By Skip Cynar, 858-822-0738, email@example.com
San Diego, CA, June 12, 2007 -- UCSD's National Center for Microscopy and Imaging Research (NCMIR) has been awarded a large grant to assist in the purchase of a new high energy electron microscope. Today's announcement by the National Center for Research Resources (NCRR), a part of the National Institutes of Health (NIH), will afford NCMIR scientists an opportunity to explore new microscope technologies for advancing research benefiting biomedical research. UCSD's award is the only grant this year for an advanced electron microscope from NIH's High-End Instrumentation (HEI) program.
The $2 million grant will allow NCMIR to acquire a high-performance intermediate voltage transmission electron microscope (IVEM) for automated 3D electron tomography and other methods being developed at UCSD. To be installed within the university's Center for Research in Biological Systems (CRBS), the new microscope will provide researchers with opportunities to explore sophisticated new electron microscopy modes to augment and advance electron microscopic tomography, scanning transmission electron microscopy (STEM), and high-angle-annular dark-field microscopy.
NCMIR, an NCRR/NIH Biomedical Technology Research Center, was established at UC San Diego in 1989 to develop computer-aided advanced microscopy for acquisition of structural and functional data in the 1-100 um3 dimensional range. NCMIR is also affiliated with the UCSD division of the California Institute for Telecommunications and Information Technology (Calit2).
"The award to acquire a cutting-edge instrument will enable our center to continue to lead the development of 3D and 4D imaging and analysis technologies that are helping researchers illuminate and discriminate new biological structures and functions," explained NCMIR's director, Mark Ellisman, an academic participant in Calit2. "The new scope offers new avenues of research for elucidating the mechanisms underlying diseases of the nervous system as well as advancing studies into the cellular and molecular processes relevant to cancer, diabetes, and heart disease, to name a few."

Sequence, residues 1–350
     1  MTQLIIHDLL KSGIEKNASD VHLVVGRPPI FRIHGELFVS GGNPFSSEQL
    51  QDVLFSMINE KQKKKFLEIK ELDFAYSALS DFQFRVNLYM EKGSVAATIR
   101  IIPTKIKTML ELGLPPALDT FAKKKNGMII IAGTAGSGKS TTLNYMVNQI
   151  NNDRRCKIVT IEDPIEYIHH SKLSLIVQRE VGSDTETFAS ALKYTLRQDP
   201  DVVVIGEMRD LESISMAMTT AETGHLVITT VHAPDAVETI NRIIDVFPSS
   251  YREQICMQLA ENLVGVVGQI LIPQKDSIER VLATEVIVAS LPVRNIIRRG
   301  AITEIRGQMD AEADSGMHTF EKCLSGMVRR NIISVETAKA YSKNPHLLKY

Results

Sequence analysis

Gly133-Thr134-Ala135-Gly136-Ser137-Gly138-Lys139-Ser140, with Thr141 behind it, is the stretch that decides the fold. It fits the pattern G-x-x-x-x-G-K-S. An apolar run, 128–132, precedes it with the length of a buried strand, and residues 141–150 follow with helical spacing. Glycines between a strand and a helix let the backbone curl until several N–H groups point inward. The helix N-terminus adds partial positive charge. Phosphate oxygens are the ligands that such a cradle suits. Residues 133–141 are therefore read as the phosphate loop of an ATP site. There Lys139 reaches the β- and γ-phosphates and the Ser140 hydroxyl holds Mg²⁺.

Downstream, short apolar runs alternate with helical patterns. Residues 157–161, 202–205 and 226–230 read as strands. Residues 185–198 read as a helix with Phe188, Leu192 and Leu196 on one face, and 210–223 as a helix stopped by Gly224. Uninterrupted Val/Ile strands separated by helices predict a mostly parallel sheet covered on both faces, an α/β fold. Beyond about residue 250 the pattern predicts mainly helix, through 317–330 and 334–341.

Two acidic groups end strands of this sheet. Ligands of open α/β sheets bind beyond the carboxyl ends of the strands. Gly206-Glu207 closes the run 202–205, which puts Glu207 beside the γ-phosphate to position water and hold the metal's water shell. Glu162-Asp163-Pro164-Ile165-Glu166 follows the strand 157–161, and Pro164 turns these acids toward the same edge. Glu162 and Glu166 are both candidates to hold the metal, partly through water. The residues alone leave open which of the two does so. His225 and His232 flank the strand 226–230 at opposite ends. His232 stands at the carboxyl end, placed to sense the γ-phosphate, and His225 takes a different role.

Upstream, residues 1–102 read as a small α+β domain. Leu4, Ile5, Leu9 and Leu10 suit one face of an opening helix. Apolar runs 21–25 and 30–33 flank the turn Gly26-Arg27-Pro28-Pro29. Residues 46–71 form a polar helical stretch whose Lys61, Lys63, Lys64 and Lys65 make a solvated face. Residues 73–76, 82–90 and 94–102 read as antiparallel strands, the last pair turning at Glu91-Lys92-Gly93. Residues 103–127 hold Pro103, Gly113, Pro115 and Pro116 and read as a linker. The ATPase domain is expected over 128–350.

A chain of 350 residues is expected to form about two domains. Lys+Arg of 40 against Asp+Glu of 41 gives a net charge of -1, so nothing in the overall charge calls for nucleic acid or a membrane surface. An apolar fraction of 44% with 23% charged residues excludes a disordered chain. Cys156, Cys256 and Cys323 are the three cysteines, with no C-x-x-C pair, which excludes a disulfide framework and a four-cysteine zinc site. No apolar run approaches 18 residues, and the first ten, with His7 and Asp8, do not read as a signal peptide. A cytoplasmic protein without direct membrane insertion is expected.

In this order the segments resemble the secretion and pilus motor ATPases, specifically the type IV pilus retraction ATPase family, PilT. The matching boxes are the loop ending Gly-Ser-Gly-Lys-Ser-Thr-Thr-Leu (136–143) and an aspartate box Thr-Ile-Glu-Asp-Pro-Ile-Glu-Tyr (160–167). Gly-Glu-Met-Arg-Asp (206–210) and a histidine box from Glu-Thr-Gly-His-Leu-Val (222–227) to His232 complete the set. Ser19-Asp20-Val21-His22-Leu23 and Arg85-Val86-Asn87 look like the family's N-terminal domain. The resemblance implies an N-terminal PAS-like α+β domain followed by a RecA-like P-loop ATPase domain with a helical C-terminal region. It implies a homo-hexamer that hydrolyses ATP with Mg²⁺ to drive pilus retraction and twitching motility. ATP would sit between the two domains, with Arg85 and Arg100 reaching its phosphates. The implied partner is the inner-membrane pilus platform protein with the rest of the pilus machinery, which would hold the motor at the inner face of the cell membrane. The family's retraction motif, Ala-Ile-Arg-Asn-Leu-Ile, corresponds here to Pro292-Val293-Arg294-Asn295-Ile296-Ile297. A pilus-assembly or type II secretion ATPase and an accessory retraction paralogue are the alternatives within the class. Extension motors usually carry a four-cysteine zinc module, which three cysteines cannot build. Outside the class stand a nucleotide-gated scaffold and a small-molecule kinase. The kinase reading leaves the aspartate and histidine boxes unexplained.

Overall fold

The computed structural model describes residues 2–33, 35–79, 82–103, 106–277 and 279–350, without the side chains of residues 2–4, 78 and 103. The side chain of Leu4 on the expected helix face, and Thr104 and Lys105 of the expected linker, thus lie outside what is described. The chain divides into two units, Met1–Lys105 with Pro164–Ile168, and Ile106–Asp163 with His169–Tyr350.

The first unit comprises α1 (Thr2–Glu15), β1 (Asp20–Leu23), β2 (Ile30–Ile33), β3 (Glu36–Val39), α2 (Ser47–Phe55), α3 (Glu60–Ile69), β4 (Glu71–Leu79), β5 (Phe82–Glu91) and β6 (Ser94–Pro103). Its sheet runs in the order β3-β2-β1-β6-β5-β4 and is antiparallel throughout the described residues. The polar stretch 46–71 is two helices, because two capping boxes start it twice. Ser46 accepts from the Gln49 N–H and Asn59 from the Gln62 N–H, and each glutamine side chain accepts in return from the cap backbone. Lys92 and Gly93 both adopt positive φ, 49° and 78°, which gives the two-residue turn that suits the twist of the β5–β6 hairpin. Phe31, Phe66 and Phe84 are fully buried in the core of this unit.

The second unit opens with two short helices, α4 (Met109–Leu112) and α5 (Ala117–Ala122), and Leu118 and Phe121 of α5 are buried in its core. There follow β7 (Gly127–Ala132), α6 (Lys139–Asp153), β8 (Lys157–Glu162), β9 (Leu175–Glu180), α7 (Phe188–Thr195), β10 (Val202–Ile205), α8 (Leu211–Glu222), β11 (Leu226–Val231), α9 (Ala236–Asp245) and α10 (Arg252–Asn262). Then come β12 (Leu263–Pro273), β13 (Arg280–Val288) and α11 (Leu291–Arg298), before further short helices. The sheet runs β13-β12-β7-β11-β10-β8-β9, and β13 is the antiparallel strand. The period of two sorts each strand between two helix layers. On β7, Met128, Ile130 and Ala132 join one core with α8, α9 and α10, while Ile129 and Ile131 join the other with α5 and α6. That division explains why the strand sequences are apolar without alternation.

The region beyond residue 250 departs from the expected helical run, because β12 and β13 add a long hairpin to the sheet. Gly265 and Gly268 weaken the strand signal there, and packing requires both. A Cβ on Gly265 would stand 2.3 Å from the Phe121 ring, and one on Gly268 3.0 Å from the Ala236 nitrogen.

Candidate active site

UC San Diego is one of eleven universities (U. Arizona, UCSD, U. Colorado, U. Connecticut, Johns Hopkins U., U. Maryland, U. Texas, Vanderbilt U., U. Washington, U. Wisconsin, and Yale University) and three medical institutions (Brigham and Women's Hospital in Boston, Burnham Institute for Medical Research in La Jolla, Calif., and the Nathan S. Kline Inst. for Psychiatric Research in Menand, N.Y.) receiving awards in this round of funding.
"These high-performance imaging instruments and other advanced technologies enable both basic discoveries that shed light on the underlying causes of disease and the development of novel therapies to treat them," said Barbara Alving, M.D., NCRR Director. "The value of this investment in advanced equipment is greatly leveraged because each of these rare tools is used by a number of investigators, advancing a broad range of research projects."
To qualify for an HEI award, institutions identified three or more NIH-funded investigators whose research required the requested instrument. More information about the High-End Instrumentation program is available at: http://www.ncrr.nih.gov/biomedical_technology/high-end_instrumentation/.
About the National Center for Microscopy and Imaging Research
NCMIR at the University of California, San Diego, develops state-of-the-art 3-D imaging and analysis technologies to help biomedical researchers understand biological structure and function relationships in cells and tissues in the dimensional range between 5nm3 and 50µm3. http://ncmir.ucsd.edu
About the National Center for Research Resources
NCRR provides laboratory scientists and clinical researchers with the environments and tools they need to understand, detect, treat, and prevent a wide range of diseases. With this support, scientists make biomedical discoveries, translate these findings to animal-based studies, and then apply them to patient-oriented research. Ultimately, these advances result in cures and treatments for both common and rare diseases. Through collaborations and networks, NCRR connects researchers with one another, and with patients and communities across the nation. These connections bring together innovative research teams and the power of shared resources, multiplying the opportunities to improve human health.